iii) Keep the cargo temperature sufficiently high so that the cargo drains also from remote corners of the tanks, especially in cold climates.

iv) Waxy deposits under the heating coils can sometimes be melted out by means of filling with water and then applying heat to the coils.

v) Sometimes steaming is allowed during discharge of molasses, which facilitates draining of molasses from the bulkheads.

vi) Vegetable oil tanks may in the last phase of discharge be recirculated and hosed down with vegetable oil taken from the cargo pump delivery side . Similarly, phosphoric acid can be recirculated to loosen sediments on the tank bottom.

vii) Drain cargo piping to shore. It is useful to have a small stripping pump with 50 mm delivery line to the hose connection for delivery of contents in the cargo piping to shore.

viii) Before loading sensitive cargoes: mudboxes, valve bodies and pump housings must be drained by opening the drain plugs (with due regard to personal safety).

Water washing may be inadequate or inappropriate after the carriage of certain products because tanks can only be cleaned by special methods or cleaning agents. Where it is decided to use these special cleaning methods, and well documented experience indicates that it is safe to do so, thorough company guidance should be provided that describes the procedures for the ship to follow.

Where a special cleaning method is to be used in port, local authorities may impose additional safety or environmental requirements.

Some cargoes may react with certain cleaning agents and produce large amounts of toxic or flammable vapours, or render equipment such as pumps inoperable. The choice of a tank cleaning agent should be made with full knowledge of the cargo characteristics.

If a special method involving cleaning agents is to be used, it may create an additional hazard for the crew. Shipboard procedures should ensure that personnel are familiar with, and protected from, the health hazards associated with such a method. The cleaning agents may be added to the wash water or used alone. The cleaning procedures adopted should not entail the need for personnel to enter the tank.

If, however, the only practical means of cleaning involves personnel entering the tank then the precautions should be strictly followed. No one should enter any cargo tank unless express permission to do so has been received from the responsible officer and all appropriate precautions are taken. The tank atmosphere should be safe for entry and an entry permit issued. Chemical absorption detectors should be used for detecting the presence of specific gases and vapors at TLV levels.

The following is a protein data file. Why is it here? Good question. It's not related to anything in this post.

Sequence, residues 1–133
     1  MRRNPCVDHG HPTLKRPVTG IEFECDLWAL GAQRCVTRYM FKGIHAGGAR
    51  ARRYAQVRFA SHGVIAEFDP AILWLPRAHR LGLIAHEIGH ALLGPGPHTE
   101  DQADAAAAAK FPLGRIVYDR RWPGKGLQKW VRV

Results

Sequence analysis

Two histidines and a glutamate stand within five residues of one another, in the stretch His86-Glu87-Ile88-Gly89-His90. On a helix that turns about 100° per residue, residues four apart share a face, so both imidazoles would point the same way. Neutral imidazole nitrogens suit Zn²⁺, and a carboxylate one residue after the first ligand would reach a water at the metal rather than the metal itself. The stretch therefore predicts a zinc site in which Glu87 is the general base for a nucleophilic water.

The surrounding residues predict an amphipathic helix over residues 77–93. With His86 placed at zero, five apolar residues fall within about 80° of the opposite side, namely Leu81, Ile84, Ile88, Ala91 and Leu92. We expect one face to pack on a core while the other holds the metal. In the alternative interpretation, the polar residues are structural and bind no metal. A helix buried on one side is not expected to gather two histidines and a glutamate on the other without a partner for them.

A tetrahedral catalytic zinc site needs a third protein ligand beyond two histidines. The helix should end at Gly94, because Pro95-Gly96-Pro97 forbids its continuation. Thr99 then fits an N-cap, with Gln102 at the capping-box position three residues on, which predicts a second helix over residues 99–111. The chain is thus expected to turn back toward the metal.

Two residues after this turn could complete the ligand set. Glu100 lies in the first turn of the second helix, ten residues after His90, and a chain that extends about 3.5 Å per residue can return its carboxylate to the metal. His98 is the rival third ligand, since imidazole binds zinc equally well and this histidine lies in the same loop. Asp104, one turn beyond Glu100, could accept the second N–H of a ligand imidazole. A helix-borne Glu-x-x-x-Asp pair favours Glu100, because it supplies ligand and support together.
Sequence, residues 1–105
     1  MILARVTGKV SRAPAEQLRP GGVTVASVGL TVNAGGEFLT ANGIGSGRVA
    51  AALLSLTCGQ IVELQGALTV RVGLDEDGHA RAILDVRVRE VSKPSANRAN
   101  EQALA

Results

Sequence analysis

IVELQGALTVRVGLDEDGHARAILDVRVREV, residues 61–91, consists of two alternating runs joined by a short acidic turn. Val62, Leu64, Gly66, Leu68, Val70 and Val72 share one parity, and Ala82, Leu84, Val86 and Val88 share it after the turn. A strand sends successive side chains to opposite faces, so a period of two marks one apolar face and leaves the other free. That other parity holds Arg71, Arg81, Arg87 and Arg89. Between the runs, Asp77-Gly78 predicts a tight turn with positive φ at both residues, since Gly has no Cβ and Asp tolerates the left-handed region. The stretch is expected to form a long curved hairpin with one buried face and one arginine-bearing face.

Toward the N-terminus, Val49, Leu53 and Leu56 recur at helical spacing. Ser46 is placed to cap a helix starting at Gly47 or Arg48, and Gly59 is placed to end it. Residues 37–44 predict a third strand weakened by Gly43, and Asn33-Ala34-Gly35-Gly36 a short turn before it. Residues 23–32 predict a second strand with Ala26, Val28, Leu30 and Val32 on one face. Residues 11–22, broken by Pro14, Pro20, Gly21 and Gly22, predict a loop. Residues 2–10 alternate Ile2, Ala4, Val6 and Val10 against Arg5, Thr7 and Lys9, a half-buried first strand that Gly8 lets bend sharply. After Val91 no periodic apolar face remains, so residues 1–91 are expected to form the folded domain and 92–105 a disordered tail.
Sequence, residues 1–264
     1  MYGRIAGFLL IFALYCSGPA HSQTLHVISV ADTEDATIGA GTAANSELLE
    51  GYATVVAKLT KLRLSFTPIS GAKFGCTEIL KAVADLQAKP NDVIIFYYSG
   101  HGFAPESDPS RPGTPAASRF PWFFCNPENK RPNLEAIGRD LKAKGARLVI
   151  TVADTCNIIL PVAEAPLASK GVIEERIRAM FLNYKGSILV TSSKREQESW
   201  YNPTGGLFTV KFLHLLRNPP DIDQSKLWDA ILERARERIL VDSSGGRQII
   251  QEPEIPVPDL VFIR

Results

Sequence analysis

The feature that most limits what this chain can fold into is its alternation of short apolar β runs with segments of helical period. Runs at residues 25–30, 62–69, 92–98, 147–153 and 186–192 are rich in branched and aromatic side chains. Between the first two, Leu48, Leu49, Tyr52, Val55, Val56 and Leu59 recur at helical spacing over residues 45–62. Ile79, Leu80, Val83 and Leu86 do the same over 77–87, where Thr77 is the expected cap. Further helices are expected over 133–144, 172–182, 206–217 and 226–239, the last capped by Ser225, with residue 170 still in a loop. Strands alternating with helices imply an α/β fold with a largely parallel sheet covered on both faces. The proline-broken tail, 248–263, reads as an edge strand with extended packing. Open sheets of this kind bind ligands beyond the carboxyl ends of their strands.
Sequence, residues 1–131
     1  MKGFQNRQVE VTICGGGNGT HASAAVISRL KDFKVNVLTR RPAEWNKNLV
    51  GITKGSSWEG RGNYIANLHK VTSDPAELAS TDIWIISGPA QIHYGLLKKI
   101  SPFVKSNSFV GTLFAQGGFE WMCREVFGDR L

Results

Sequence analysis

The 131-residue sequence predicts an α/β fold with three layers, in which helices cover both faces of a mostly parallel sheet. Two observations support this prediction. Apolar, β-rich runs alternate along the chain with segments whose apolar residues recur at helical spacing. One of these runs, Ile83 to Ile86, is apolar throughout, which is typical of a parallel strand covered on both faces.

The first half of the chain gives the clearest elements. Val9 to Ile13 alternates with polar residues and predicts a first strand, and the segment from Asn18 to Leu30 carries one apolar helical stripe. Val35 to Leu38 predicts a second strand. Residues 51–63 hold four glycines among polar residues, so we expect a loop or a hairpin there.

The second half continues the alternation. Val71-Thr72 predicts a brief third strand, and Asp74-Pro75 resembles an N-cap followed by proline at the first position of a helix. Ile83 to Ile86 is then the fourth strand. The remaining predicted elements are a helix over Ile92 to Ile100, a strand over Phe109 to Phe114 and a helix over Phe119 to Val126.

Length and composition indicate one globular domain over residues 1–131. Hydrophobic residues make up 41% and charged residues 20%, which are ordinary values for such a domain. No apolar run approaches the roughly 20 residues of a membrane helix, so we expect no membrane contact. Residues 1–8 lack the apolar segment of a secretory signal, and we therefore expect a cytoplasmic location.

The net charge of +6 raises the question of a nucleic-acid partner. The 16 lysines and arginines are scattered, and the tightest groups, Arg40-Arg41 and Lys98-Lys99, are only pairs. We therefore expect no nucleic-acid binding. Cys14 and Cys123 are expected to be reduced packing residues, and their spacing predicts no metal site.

In exceptional circumstances the requirement might arise for wiping down product residues from the tank walls by using a chemical solvent in a localized area. The amount used should be small, and the personnel involved should be aware that its use may modify the atmosphere. The introduction of the solvent into the tank might also generate additional risks such as toxicity or flammability. Such risks should be carefully evaluated before starting the operation, which should not be undertaken unless the personnel involved can be effectively protected from those risks. Data sheets for the chemical solvent used should be available on board.

In addition, manufacturer’s instructions or recommendations for the use of commercial products should be observed, and the resulting slops disposed of in accordance with the ship’s P&A Manual.
Thus, we can conclude that tank cleaning on a chemical tanker is a challenging task and planning of carrying out same plays a very important role, as there is lot of commercial pressure and it has to be completed in a given time limit.

Capt. Manish Kumar
Principal Consultant (chemical and oil/products cargoes)
Constellation marine services.
(Prime area of work – UAE ports, Fujairah, Abu dhabi, Ras Al Khaima, Mina Sagar, Sharjah, Ajman, Dubai, Hamriyah, Jabel Ali, Bahrain, Kuwait, Qatar (Mina Hamad) (mesaieed), Egypt (Alexandria) or fuel, Sohar, Muscat, Salalah).